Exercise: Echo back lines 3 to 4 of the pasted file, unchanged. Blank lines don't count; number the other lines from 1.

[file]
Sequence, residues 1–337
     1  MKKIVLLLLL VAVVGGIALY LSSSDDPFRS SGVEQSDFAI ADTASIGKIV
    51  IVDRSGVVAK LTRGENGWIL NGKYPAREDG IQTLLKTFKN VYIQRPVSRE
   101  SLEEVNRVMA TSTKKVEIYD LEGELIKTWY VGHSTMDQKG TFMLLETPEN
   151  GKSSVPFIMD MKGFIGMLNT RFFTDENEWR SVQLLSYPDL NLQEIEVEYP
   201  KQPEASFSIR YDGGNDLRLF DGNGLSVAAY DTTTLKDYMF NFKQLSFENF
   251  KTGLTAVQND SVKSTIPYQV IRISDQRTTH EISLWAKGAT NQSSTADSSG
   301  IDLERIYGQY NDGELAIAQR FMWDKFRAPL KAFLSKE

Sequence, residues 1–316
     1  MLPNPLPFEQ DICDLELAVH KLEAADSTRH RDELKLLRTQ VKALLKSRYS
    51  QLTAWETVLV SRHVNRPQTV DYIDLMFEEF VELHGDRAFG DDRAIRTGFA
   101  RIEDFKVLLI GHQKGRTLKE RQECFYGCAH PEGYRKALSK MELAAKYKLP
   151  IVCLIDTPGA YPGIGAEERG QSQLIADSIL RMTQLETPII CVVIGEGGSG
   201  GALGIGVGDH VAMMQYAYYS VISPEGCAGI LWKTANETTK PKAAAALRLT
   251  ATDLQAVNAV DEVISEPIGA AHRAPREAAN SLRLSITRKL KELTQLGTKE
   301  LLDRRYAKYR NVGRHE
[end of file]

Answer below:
    51  IVDRSGVVAK LTRGENGWIL NGKYPAREDG IQTLLKTFKN VYIQRPVSRE
   101  SLEEVNRVMA TSTKKVEIYD LEGELIKTWY VGHSTMDQKG TFMLLETPEN